Here Are The Remedies If A Home-Buying Deal Falls Through

Here Are The Remedies If A Home-Buying Deal Falls Through

Here Are The Remedies If A Home-Buying Deal Falls Through

Anannya Bhardwaj and her husband Aman Bhardwaj booked a pre-launch apartment in Greater Noida in 2010. The developer had promised to deliver the flat within two years. Despite waiting for four years, no work started on the ground and Bhardwajs decided to take the matter to the court. The developer was neither refunding the money nor adjusting them in some other project. 

Their lawyer told them that a real estate purchase agreement is a type of contract of sale where the seller promises to deliver the end product (i.e. the house) to the buyer at a stipulated time. If the seller, in this case the developer, tries to scuttle the deal then the buyer can seek remedy from the court under Contracts Act. Under the Contracts Act, if the buyer or the seller fail to honour the terms and conditions of the contract, then the other party has the legal claim against the erring party.

If a dispute arises between the parties to the sale, they go by the dispute resolution process written in the contract – which most of the times states the jurisdiction of the local court. 

What if a contract falls through?

When a contract is breached, one or both parties would want to get the contract enforced on their terms, or may try to recover for any financial loss. This may also opt for mediation or arbitration. These two out-of-court options come under alternative dispute resolution. 


When an individual or business breaches a contract, the other party to the agreement is entitled to relief. The remedies include damages, specific performance, or cancellation and restitution. 

Damages: It is the most common remedy for a breach of contract. The different kinds of damages are:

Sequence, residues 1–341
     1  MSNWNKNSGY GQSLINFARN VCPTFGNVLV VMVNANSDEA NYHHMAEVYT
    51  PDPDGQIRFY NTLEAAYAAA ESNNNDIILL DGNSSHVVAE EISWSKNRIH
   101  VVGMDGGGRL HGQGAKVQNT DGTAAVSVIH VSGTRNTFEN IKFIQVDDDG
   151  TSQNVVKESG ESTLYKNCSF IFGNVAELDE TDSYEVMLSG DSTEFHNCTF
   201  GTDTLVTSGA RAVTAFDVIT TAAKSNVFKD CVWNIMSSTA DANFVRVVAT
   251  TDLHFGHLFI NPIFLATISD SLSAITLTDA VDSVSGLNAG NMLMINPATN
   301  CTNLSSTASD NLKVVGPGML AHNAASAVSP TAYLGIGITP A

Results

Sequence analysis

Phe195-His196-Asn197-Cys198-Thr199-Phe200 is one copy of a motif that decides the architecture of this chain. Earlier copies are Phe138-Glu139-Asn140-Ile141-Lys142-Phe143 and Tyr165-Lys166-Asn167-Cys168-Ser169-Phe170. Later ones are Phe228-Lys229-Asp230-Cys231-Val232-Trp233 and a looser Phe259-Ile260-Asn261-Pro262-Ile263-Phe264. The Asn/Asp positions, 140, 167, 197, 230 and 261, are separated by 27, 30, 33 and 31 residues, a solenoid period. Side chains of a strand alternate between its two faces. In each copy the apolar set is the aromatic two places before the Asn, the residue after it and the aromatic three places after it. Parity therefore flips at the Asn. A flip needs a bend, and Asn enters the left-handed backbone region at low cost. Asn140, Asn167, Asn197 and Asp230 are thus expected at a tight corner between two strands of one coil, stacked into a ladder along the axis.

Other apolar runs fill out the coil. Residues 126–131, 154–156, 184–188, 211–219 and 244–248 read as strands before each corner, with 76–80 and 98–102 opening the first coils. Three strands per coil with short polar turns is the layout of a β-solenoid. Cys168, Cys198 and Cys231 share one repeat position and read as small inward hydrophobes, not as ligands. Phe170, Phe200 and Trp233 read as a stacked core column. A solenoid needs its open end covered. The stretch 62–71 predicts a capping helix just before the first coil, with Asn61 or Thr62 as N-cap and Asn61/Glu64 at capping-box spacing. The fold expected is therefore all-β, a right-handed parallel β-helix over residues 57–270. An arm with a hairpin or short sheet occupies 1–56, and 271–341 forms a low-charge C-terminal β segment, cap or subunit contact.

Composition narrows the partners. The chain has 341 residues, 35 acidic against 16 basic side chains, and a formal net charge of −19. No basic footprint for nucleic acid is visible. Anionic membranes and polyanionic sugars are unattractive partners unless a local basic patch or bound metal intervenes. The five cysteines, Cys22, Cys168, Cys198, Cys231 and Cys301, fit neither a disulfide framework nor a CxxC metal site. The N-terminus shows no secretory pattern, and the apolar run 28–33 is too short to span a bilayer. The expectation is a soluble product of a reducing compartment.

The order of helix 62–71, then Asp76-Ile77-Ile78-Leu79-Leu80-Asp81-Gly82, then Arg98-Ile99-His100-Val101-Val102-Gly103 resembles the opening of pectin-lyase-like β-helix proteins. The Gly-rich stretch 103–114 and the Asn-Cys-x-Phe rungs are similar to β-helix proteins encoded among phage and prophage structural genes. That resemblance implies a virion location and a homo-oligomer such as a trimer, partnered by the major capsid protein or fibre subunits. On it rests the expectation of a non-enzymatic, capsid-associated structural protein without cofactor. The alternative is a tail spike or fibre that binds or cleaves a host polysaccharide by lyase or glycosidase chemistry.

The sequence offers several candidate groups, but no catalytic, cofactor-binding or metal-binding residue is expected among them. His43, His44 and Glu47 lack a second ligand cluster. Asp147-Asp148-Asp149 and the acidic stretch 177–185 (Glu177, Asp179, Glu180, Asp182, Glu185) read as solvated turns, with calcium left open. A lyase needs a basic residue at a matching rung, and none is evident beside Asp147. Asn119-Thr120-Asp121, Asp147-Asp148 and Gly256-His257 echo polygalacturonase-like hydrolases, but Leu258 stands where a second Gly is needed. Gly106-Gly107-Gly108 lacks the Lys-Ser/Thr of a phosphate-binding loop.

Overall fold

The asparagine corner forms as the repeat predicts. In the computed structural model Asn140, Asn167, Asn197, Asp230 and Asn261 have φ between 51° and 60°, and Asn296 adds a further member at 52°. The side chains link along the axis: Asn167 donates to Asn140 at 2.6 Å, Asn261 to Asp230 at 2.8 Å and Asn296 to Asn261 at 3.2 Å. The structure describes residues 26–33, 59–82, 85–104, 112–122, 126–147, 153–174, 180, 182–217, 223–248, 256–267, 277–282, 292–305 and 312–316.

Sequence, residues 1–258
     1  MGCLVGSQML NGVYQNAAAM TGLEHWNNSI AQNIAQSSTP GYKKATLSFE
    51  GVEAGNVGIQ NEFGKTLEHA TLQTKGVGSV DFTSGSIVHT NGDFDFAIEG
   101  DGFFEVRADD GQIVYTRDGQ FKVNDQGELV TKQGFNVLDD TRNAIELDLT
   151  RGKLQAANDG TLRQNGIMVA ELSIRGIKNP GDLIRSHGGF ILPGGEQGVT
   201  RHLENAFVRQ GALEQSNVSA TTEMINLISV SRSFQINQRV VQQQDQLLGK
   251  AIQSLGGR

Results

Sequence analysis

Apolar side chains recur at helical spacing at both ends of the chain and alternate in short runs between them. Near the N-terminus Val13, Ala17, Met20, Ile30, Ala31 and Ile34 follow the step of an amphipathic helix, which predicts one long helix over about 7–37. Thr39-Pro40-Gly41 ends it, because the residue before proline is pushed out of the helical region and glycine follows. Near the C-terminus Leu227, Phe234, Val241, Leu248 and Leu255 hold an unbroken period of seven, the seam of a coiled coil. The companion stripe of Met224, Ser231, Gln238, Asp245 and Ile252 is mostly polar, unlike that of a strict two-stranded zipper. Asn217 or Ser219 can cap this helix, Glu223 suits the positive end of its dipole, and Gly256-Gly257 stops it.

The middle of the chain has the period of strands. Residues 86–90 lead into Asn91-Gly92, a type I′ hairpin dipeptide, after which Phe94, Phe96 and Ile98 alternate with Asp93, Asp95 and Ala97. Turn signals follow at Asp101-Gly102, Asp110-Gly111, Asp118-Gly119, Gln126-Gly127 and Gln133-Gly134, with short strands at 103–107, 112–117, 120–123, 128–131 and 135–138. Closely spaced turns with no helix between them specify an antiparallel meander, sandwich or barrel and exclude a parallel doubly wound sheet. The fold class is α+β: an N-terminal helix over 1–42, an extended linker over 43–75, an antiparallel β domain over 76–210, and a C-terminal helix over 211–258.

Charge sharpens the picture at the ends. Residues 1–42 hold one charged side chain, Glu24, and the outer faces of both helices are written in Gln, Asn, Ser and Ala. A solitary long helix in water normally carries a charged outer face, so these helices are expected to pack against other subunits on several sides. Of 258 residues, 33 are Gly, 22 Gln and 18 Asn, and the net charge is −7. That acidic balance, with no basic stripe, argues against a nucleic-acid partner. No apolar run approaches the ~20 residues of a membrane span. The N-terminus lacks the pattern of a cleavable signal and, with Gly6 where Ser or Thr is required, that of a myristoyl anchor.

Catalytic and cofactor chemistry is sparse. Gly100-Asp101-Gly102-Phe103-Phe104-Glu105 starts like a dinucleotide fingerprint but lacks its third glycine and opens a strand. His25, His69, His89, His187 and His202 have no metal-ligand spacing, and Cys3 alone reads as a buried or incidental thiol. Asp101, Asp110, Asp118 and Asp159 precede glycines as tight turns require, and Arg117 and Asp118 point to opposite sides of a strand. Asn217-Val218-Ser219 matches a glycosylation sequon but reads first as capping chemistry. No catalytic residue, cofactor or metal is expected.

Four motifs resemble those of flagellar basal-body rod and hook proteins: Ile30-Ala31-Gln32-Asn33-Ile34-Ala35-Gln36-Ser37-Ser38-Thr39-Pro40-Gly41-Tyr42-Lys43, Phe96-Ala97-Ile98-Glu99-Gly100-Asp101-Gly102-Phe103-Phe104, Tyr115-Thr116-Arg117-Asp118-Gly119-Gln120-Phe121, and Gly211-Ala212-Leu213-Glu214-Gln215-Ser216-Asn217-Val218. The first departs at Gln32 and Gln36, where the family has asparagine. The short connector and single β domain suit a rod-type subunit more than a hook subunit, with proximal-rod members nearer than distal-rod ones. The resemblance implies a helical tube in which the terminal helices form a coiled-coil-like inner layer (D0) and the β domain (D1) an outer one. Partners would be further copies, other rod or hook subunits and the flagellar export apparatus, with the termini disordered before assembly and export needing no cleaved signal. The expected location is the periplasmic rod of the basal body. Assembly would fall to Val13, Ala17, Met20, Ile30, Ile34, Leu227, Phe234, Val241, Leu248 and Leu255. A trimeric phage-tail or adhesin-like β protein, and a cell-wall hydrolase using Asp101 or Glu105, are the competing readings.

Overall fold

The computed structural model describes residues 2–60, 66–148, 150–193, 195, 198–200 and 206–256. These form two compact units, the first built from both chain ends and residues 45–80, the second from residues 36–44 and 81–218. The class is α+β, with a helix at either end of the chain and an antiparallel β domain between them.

• Compensatory damages: Here the aim is to put the non-breaching party in the position that they would have if the breach of contract had not taken place.
  • Punitive damages: These are the payments that the erring party must make to fully compensate the non-breaching party. Punitive damages are meant to punish the erring party for particularly wrongful acts.
  • Nominal damages: These are token damages awarded when a breach has occurred, but no actual money loss to the non-breaching party could be proved.
  • Liquidated damages: These are specific damages that were previously identified by the parties in the contract itself, in the event that the contract was breached. They are a reasonable estimate of actual damages that might result from a breach. 

Specific performance: It is best described as the erring party's court-ordered performance. A buyer or the seller who wants to compel the recalcitrant party to honour the agreement under already agreed-upon terms can seek an injunction by seeking a court order to complete the sale. However, a court has the sole discretion to order a real estate sale through specific performance. 

Cancellation and restitution: A non-breaching party may cancel the contract and sue for restitution if it has given benefit of doubt to the breaching party. Here restitution means that the non-breaching party is put back in the position it was in prior to the breach, while the cancellation of the contract makes the contract void and relieves all the parties of any obligation under the said agreement.

You may opt for any remedy but it's always advisable to take legal opinion and act accordingly.

Last Updated: Wed Nov 02 2016

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